Cheim & Read is pleased to present Serge Poliakoff: Gouaches 1938–1969, an exhibition devoted to the works on paper of the Russian-born painter who lived and worked in Paris. This show follows the survey of Poliakoff’s work held at the gallery in 2016, which was the artist's first solo exhibition in New York in thirty-five years. Gouaches 1938–1969 opens on May 20 and runs through September 25, 2021.
Serge Poliakoff (1900-1969) has long been considered a painter’s painter: Sean Scully has written an essay to accompany the current exhibition; Amy Sillman selected his Composition (1956) for The Shape of Shape, her acclaimed 2019 Artist’s Choice show at the Museum of Modern Art; Joe Fyfe curated the 2016 exhibition and wrote its catalogue essay. Poliakoff was part of the New School of Paris, a group of artists including Jean Dubuffet, Hans Hartung, and Nicolas de Staël.
“Poliakoff,” Fyfe noted, “was one of the ‘Nouvelle Ecole de Paris,’ a group of artists who came a generation after Picasso, Léger, Matisse, Miró, and Braque.” Like the Abstract Expressionists in the United States, he turned to pure abstraction exclusively in the postwar period, although works such as Bandes Colorées (1937) are evidence that he was already interested in it by the mid-1930s. In May 1936, in a letter to Josef Albers at Black Mountain College, he wrote, “Abstract art is finally taking off in quite a few countries.”
Poliakoff, however, never adopted the oversize scale of his American counterparts, and continued to paint in a cramped studio even after he achieved recognition and financial success. The gouaches displayed in this exhibition, which are as small as 8 1/2 x 11 inches and no larger than 25 1/2 by 19 inches, underscore that sense of privacy. Their dazzling chromatic array departs from the loaded brushwork of the artist’s oil paintings with a freshness, intimacy, and personal touch that revels in the immediacy of pure, vibrant pigment.
Writing about the gouaches in 1950, the French critic Pierre Gueguen stated: “Here is a serious mind, entirely dedicated to the dream of forms for form’s sake, which is the great mystery to be solved for Abstraction. He goes from the geometric purity of archetypes to the quivering of perceptions, held as they are like a tide entering a dike, canal or quay of a port.”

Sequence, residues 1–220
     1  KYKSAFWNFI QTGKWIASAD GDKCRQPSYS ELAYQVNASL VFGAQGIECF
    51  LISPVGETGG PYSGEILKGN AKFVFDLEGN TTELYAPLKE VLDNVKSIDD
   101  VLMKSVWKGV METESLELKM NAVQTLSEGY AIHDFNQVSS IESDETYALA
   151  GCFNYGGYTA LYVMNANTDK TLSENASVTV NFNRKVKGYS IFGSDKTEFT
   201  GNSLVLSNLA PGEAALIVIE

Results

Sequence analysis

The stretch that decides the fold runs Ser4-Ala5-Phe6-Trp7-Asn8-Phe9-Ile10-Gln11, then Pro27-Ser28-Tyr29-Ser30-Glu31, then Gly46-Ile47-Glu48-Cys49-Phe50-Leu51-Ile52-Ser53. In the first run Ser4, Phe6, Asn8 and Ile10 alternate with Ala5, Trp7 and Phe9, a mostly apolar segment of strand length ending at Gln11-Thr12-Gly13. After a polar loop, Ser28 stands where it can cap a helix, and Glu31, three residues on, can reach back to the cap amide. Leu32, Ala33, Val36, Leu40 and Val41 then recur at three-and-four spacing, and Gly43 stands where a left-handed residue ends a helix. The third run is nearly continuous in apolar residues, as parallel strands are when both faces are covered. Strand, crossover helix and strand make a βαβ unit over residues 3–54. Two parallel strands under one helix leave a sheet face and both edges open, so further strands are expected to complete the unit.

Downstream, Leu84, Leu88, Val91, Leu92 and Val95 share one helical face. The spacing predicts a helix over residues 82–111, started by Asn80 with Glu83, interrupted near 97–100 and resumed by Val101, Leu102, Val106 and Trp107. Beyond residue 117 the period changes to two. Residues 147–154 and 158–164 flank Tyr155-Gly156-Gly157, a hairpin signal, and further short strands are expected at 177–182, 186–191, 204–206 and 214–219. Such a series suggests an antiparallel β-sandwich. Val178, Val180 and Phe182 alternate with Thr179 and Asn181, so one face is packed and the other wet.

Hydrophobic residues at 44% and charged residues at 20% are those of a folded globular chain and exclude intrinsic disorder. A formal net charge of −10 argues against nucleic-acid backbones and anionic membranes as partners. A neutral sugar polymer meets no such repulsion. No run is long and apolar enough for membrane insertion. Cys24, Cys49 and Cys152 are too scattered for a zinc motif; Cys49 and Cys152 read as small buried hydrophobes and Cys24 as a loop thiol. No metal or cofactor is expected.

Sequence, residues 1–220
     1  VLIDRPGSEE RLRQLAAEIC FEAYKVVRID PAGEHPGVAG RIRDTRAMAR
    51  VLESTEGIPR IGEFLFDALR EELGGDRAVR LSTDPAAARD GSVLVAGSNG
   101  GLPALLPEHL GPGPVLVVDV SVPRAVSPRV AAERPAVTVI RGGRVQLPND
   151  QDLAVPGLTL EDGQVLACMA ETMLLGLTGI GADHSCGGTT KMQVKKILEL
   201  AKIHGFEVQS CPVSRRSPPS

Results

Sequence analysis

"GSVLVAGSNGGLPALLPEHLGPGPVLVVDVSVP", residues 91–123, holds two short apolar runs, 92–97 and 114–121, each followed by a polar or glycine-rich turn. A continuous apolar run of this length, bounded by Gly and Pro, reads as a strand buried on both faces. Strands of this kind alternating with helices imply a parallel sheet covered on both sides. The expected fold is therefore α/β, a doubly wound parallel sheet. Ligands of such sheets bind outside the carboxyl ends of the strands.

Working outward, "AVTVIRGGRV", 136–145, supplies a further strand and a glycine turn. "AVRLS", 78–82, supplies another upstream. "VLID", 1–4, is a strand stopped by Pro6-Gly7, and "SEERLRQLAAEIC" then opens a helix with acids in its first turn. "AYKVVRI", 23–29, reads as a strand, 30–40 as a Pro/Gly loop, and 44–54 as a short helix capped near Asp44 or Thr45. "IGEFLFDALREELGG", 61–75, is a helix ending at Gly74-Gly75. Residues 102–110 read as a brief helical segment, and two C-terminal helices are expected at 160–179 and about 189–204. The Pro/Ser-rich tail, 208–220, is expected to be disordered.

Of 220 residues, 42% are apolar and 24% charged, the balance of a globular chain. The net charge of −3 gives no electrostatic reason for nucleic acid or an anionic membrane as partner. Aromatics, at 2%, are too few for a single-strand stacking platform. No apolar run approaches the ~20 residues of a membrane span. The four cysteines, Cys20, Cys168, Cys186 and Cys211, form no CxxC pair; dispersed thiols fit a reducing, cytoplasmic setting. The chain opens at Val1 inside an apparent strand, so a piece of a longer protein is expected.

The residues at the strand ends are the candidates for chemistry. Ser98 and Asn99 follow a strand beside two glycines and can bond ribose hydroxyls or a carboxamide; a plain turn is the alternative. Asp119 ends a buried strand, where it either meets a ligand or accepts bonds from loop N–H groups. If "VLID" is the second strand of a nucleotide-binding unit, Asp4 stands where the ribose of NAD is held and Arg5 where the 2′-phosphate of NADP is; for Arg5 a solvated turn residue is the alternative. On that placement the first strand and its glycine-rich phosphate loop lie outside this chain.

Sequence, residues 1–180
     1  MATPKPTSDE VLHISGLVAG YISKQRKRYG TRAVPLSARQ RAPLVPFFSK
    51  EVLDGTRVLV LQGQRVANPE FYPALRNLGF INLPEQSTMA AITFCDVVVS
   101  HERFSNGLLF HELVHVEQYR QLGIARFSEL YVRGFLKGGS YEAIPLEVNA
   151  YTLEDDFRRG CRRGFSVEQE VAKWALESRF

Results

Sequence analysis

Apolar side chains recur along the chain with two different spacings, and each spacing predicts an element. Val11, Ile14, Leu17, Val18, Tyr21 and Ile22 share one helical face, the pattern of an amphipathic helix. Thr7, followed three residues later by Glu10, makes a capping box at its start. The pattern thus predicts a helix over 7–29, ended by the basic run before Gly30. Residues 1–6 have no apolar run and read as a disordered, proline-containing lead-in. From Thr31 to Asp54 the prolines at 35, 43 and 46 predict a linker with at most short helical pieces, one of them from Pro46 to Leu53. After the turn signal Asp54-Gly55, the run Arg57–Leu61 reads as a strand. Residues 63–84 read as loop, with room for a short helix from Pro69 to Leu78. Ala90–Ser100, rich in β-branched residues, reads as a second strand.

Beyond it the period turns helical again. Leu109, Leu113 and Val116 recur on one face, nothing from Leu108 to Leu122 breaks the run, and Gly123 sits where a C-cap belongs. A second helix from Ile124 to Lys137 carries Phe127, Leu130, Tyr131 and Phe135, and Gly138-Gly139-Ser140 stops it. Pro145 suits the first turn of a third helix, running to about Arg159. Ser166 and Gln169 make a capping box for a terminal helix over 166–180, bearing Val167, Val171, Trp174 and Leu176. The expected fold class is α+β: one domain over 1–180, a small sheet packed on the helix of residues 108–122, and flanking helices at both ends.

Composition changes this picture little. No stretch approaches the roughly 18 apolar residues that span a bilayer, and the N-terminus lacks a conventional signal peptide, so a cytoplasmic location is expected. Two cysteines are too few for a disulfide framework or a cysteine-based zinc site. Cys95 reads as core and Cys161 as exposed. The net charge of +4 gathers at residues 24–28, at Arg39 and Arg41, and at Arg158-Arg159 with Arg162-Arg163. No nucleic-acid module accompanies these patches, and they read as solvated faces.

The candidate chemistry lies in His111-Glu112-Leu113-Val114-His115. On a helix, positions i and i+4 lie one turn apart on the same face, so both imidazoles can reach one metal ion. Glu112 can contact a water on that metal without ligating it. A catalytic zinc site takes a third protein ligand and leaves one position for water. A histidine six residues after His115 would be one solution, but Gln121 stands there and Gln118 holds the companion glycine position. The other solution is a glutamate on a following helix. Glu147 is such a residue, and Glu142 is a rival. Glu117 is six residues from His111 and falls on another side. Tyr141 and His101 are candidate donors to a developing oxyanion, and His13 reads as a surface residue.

Serge Poliakoff was born on January 8, 1900, in Moscow. By 1914, he was taking drawing classes, but the Revolution of 1917 disrupted his family life, and in 1920 he slipped out of the country to Constantinople (now Istanbul, Turkey), where he spent a year. A talented musician, Poliakoff made his way across Europe, accompanying his aunt, a singer, on the guitar, before arriving in Paris in 1924. There he played folk songs in Russian nightclubs at night while taking private lessons in drawing and painting during the day.
In 1929, he enrolled at the Académie de la Grande Chaumière in Montparnasse, and later at the Académie Frochot in Montmartre while continuing to earn his living by playing guitar. He met his future wife, Marcelle Perreur Lloyd, a half-Irish Frenchwoman, in 1935, and settled with her in London, where he enrolled in the Grosvenor School of Art and, a year later, the Slade School of Art.
Returning to Paris in 1937, where he had his first solo show, he found himself drawn increasingly to abstraction after meeting Wassily Kandinsky, Sonia and Robert Delaunay, and Otto Freundlich. He started making abstract paintings in 1942, and showed them for the first time in 1945. His work has since been the subject of more than two hundred international solo exhibitions, and it has been included in hundreds of group shows. He died in Paris on October 12, 1969.
Poliakoff’s paintings, gouaches, and prints are held in more than one hundred public collections, including the Kunstmuseum Bern; Neue Nationalgalerie, Berlin; Museum of Modern Art, New York; Solomon R. Guggenheim Museum, New York; Stedelijk Museum, Amsterdam; Tate Gallery, London; and Musée National d’Art Moderne, Centre Georges Pompidou, Paris, which held a major retrospective, Le Rêve des Formes [The Dream of Forms] in 2013.